Through our work scaling technologies for pilot plants or commercial systems, we often get exposed to the up-and-coming processes on the verge of commercialization. In the last several years, we have seen an especially large surge in CO2, Gas-to-Liquids, and biomass process technologies seeking demonstration or pilot plants. While each technology is different, there are some categories really starting to gain steam.
For example, world’s first zero-emissions fossil-fuel power plant was just announced in Texas. The NetZero startup that has invested $150 million in the project is using a carbon capture (CO2 Capture technology) to achieve this landmark in emissions reduction. We are proud to have been part of several CO2 capture projects in the last five years, and it’s exciting to see a major investment in this technology.
Sustainable process technologies like CO2 capture help improve manufacturing and go a long way in preserving the earth for future generations. Some of the technologies we are most excited about include:
Carbon Capture – Leaping from Pilot Plants to Full Power Plant Applications
While we mentioned this one above, it is worth understanding in more depth. Carbon capture is the process of capturing carbon dioxide (CO2) before it enters the atmosphere in the form of carbon emissions. To date, the outcome of carbon capture has largely entailed transporting and storing the carbon underground. But new processes are emerging that make it possible to turn captured CO2 into more fuel.
There are three general approaches to carbon capture:
- Post-Combustion Capture: involves sending emissions through an absorption process where a solvent captures up to 90 percent of the CO2. The recovered CO2 passes through a regenerator, which strips the CO2 from the solvent while the remaining emissions (primarily nitrogen) vent to the air.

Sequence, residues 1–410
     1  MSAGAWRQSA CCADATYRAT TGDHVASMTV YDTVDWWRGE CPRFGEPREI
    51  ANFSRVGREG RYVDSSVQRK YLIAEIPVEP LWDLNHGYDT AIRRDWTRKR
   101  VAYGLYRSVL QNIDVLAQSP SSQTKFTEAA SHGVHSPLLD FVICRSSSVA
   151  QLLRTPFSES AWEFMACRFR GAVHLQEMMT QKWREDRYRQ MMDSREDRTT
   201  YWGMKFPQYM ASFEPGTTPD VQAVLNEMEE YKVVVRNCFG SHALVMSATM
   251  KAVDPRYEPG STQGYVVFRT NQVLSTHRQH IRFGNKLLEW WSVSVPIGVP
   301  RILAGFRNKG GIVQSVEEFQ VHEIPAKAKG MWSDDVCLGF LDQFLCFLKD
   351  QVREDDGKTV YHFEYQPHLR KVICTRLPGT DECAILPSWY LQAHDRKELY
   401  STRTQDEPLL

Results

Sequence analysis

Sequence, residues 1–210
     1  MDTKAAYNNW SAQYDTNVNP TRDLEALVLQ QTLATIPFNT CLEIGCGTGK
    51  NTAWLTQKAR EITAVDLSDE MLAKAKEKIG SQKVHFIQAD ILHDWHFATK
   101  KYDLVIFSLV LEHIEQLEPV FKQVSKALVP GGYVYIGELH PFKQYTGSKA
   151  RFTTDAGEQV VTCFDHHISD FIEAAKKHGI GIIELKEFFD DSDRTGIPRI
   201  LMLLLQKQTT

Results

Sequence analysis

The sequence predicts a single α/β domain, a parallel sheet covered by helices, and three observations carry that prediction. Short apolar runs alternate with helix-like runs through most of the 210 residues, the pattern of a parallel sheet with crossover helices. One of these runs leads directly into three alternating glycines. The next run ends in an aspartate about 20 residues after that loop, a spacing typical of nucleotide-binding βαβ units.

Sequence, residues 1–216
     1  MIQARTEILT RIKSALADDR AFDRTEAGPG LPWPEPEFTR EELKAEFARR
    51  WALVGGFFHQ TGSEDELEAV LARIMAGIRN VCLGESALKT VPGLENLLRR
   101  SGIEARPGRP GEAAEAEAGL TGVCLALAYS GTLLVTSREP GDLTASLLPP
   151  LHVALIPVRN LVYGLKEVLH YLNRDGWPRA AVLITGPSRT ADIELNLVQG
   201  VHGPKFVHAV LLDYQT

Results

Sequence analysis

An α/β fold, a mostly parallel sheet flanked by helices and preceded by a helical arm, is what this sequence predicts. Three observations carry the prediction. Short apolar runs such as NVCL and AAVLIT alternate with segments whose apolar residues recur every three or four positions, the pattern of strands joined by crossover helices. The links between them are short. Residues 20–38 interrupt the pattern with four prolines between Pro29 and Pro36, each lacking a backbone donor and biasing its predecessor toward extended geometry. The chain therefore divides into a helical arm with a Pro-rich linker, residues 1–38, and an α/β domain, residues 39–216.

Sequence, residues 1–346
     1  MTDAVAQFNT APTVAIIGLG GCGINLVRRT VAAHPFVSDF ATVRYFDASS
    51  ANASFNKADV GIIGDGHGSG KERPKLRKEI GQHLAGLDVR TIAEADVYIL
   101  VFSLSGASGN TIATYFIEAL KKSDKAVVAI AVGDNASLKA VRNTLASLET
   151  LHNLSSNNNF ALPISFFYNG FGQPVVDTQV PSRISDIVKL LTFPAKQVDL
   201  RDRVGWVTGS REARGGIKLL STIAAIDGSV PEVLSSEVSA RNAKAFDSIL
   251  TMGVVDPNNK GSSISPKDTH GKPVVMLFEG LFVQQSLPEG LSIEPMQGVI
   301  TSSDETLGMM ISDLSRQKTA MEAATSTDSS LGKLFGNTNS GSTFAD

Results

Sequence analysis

- Oxy-Combustion Capture: Fossil fuel is burned in pure oxygen instead of air — resulting in nearly pure CO2 capture.
- Pre-Combustion Capture: Fuel is turned into a synthetic gas consisting of relatively pure hydrogen and CO2.
Plants throughout the U.S. and the world are actively experimenting with this process. We’ve seen bio-based enzyme solutions, synthetic filtering applications, and steam stripping methods. Pure and mostly pure CO2 can actually be sold to oil fields for use in enhanced oil recovery or potentially find use in waste-CO2 byproducts. You can read about our work on an enzyme-based 90% CO2 capture project here, or watch a video about our recent large-scale pilot plants project with the U.S. Department of Energy here.
Gas to Liquids (GTL) Processing Technology (Including Bio-Mass)
Gas to Liquids (GTL) is a process used to convert natural gas and other hydrocarbons into longer-chain hydrocarbons, such as gasoline or diesel — methane-heavy gases are converted into synthetic fuels. The advantage of this process is that liquid fuels are easier, less expensive and safer to transport than gaseous fuels are.